She talked a good deal about the end of the world, as if she expected it at any moment, and when there was a flash of lightning she taught James to cross himself and say, 'Jesus of Nazareth, King of the Jews, from a sudden and unprovided for death deliver us, O Lord.' The thunderstorm as a vehicle of divine power and wrath moved Joyce's imagination so profoundly that to the end of his life, he trembled at the sound. When a friend asked him why he was so affected, he replied, 'You were not brought up in Catholic Ireland.'  

Ellmann, James Joyce

James Joyce aged six
The only real weakness my brother showed as a boy was a terror of thunderstorms – a terror excessive even for his years. It was not merely a boy's fear of thunder, it was the realization and terror of death, that dominant passion of the Middle Ages....Until he was twelve or thirteen, my brother was always beside himself with fear during thunderstorms. He would run upstairs to our room, while my mother tried to calm him. She would close the shutters hastily, pull down the blinds and draw the curtains together. But that was not enough. He would take refuge in the cupboard until the storm was over. It was the direct result of the religion of terrorism that Dante had instilled in him.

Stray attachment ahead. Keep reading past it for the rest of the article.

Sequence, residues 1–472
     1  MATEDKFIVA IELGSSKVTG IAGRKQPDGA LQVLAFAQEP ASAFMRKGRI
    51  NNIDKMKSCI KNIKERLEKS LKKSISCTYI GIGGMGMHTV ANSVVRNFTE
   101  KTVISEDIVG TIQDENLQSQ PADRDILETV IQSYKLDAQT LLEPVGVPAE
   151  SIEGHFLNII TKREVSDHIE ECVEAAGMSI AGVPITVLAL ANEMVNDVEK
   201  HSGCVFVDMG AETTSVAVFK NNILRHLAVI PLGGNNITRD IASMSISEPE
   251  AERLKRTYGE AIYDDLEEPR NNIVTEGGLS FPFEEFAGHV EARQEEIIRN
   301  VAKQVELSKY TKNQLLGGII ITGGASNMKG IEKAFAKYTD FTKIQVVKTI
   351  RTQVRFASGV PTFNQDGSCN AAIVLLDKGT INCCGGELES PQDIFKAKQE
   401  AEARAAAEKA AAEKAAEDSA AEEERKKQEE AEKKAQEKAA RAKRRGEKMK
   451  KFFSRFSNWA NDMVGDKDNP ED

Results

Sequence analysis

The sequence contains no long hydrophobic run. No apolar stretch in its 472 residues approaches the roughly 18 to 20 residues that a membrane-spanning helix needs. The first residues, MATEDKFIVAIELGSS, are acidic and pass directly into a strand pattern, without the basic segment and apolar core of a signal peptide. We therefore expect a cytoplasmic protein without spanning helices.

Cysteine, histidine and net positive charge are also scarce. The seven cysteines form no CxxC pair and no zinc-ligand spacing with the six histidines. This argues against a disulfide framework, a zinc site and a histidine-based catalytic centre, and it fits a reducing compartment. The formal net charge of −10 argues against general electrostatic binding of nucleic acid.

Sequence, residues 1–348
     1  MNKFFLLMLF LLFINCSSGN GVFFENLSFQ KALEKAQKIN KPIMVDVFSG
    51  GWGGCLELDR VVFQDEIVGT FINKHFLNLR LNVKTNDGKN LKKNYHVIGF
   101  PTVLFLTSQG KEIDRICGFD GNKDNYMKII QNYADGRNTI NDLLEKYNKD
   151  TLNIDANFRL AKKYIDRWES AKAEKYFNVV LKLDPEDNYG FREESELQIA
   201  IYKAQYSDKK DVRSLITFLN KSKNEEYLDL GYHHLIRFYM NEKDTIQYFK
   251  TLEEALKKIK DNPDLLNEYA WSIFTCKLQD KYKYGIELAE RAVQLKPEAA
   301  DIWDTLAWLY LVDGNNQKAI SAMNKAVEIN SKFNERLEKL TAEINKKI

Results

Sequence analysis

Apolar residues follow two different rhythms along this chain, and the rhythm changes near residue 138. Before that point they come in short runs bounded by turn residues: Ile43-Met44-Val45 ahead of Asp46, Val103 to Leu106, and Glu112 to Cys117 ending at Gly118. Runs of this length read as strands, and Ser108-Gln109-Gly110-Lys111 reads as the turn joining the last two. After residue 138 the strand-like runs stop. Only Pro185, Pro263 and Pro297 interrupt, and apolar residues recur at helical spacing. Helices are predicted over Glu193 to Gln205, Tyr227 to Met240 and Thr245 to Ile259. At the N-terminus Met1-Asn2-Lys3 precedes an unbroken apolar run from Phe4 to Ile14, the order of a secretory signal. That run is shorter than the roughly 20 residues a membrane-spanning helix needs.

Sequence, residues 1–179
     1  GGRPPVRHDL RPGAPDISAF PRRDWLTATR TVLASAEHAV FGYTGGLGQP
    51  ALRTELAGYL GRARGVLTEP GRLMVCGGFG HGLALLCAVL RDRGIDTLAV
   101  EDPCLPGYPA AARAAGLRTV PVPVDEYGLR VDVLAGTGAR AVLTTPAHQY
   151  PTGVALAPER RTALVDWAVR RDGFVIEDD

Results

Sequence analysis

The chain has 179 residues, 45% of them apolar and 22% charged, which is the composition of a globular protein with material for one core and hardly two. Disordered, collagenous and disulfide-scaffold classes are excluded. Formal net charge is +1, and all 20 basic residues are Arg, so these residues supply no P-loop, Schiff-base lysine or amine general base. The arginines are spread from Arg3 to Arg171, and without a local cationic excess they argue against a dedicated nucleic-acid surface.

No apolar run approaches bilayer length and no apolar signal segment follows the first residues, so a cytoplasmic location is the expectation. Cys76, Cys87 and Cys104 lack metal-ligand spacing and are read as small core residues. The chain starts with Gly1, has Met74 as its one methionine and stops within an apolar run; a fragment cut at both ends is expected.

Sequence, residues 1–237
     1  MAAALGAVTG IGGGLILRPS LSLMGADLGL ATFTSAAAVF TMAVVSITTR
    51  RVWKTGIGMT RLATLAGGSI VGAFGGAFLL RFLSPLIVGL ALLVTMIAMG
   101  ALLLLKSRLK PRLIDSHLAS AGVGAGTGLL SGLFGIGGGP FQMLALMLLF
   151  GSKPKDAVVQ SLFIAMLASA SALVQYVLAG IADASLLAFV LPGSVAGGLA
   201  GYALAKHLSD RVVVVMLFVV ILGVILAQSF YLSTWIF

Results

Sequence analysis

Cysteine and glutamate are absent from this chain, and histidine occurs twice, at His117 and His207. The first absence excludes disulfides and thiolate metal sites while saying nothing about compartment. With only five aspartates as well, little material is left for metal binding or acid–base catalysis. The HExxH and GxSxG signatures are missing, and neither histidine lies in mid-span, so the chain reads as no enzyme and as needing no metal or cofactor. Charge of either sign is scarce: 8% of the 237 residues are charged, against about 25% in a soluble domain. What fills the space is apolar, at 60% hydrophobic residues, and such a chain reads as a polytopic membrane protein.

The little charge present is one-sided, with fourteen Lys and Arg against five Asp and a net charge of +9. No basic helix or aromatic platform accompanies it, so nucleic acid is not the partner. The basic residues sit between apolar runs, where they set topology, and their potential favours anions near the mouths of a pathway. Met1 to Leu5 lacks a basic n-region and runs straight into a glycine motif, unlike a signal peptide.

Stanislaus Joyce, My Brother's Keeper

I wonder if Joyce's fear of thunder was linked to the traumatic experience of the Easter Tenebrae service, when the candles of the church are put out and an almighty crashing noise is made, representing the convulsions of nature at the death of Christ.